Hine concurred, “We’ve had a lot of discussion and everything goes through Todd’s hands. But– having talked about Todd’s global plans for the character, which he has always had in place– I’ll be free to put my own spin on the character and put my individual stamp on the book.”
Spawn has always been an interesting character, because he seems to mix several genres: horror, noir, and conventional “superheroics” (if this could be labeled as a genre unto itself). So, which direction will the new team take? Hine answered “D”–“All the above. I’m incapable of writing anything without at least a strong element of psychological horror. I love noir and, of course, there has always been an element of superhero to the character. He has powers and a costume, right? So a mix of genres, which is pretty much how I instinctively write anyway.”
Hine said, “There’s a big line-up of past characters in issue #150. This issue is a celebration of the past thirteen years of Spawn, so all the old favorites will be sounding off. Lots of new characters on the way, but they’ll be coming from unexpected places.”
As for what we can expect after this kick-off issue, Hine added, “The storyline for this arc is big. Cosmic. Mythological. Kind of large, know what I’m saying? We want to take the character on a journey that is fitting to a truly iconic character, but at the same time anchor the book to the real world by telling small-scale personal stories on the way. Everyday tragedies like the kind we all experience can be as moving as grand opera. That’s the mix I’m after.”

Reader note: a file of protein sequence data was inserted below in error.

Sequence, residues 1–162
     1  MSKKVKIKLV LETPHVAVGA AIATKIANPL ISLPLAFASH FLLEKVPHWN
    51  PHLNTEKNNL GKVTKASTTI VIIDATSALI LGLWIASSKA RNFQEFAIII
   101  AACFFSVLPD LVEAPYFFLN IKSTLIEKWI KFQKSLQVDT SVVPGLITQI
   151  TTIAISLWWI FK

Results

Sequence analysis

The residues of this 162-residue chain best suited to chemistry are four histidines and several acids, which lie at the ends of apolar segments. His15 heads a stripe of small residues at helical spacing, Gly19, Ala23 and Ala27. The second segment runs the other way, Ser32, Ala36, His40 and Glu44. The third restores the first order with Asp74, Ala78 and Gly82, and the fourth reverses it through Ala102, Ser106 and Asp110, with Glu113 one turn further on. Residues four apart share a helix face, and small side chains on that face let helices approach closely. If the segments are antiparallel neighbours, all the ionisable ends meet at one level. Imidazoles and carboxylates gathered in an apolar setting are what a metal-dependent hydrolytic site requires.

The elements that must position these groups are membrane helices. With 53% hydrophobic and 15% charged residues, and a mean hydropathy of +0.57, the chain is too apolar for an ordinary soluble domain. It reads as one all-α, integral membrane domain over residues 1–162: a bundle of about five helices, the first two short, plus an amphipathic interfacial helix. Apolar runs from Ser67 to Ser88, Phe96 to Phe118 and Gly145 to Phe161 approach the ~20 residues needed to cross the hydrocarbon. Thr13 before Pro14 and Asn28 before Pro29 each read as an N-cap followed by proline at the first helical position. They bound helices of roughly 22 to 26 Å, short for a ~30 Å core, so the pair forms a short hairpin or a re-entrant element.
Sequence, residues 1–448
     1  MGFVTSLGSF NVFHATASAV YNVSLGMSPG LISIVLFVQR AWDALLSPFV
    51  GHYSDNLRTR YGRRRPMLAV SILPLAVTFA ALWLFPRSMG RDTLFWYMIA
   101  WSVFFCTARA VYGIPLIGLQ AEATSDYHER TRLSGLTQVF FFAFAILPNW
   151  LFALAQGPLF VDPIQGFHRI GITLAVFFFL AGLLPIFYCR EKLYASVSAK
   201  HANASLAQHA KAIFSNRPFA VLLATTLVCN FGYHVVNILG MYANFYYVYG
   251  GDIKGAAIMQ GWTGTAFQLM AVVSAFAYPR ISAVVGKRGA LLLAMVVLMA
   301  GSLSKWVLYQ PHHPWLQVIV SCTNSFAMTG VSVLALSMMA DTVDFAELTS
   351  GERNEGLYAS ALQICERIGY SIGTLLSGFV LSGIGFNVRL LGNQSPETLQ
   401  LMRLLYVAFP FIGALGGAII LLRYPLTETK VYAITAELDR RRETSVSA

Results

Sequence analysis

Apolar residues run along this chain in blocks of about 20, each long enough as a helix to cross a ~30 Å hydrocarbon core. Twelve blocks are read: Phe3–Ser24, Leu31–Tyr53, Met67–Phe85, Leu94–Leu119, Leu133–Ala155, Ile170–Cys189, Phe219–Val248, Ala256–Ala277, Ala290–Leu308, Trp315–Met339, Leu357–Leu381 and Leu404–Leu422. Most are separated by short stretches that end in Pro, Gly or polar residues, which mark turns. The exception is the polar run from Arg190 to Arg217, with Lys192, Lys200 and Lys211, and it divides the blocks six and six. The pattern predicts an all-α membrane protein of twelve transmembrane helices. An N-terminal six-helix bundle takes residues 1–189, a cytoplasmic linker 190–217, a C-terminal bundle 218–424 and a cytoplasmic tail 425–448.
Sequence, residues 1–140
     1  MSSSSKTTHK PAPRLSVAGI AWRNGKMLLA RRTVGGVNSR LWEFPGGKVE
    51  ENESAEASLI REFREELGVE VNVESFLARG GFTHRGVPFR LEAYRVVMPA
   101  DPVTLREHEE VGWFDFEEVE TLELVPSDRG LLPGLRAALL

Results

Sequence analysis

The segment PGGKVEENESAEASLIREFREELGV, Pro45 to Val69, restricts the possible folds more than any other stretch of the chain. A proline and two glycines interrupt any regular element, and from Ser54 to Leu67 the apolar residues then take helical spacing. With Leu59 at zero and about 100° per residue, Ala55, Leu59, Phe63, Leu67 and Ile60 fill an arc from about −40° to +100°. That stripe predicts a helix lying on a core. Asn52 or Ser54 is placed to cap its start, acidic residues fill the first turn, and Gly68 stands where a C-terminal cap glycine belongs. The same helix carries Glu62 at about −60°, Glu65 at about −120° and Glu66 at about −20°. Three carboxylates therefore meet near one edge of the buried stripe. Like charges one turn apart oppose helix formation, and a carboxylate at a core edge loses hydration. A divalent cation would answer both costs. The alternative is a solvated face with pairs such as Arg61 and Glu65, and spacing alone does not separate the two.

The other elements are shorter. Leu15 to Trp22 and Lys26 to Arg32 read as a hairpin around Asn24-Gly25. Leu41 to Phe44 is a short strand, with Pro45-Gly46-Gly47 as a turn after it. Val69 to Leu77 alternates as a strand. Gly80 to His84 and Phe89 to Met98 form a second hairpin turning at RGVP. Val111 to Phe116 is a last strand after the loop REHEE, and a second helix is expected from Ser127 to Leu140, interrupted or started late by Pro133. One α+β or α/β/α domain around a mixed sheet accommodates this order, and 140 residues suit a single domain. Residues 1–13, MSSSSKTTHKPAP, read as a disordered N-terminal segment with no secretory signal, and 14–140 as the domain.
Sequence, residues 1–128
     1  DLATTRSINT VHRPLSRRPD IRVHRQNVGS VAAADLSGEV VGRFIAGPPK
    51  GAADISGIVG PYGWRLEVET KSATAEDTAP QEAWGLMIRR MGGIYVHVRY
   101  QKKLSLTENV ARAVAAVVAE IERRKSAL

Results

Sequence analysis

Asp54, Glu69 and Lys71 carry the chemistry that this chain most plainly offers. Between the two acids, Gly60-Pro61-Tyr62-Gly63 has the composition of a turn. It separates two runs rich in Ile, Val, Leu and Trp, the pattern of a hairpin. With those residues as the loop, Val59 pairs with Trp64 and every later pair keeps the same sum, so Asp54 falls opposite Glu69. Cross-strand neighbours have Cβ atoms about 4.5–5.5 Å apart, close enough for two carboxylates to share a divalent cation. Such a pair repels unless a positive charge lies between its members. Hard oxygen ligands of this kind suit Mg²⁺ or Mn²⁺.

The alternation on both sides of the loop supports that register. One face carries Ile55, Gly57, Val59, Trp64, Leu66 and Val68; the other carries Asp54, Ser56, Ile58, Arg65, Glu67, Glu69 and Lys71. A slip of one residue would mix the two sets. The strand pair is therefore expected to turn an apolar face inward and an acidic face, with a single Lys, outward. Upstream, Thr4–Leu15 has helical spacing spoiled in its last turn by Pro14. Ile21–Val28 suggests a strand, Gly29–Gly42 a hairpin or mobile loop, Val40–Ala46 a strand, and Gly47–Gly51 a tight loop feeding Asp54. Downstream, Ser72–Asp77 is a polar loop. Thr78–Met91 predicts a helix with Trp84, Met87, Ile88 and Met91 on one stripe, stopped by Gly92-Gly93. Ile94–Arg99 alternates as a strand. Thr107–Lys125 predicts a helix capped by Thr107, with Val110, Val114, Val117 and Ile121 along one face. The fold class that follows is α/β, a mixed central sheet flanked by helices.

“All I can say is readers will get a payoff, story-wise, with each issue,” Haberlin promised. “Think of the new structure like a one hour television drama– with an A story and a B story. Each issue a story is told, but there is also a through-line to service the grander story arc.”
Since Haberlin will now be busy as EiC of the book, he will unlikely have time to still color it. With regards to his replacement, Haberlin said, “I’m not sure yet. I want to find the absolute right colorist to complement Philip. I have several people working on pieces right now. I guess the answer is ‘we’ll see.'”
One element that distinguishes “Spawn” from other books has always been its art. While each artist that followed McFarlane has put their own spin on the character, the art always seemed to retain a “McFarlane-esque” style to it. When asked if his art would utilize this style, Tan responded, “I would really want to avoid being ‘categorized’ in using a certain art style, but like many artists, I’m sure I have my own style that I hope will give the readers a fresh and exciting way to enjoy the book’s art. And like the artist that I am following on ‘Spawn,’ it will be unavoidable that I shall also learn from all the past things each artist (especially Todd) contributed making Spawn cool. As Todd puts it, I have to give the readers a feeling that they wish I’ve been on the book way back, and that kind of pressure and challenge sure is pretty heavy.”
As for his favorite part of drawing the character, Tan responded with an aspect that many artists seem to enjoy– the cape. “That’s actually my favorite part. I like drawing organic elements.”
Spawn #150 will be a special double-length story with added editorial content, pinup art, and much more. The book will arrive in stores in September and will feature four variant covers from Todd McFarlane, Greg Capullo, Philip Tan and Jim Lee.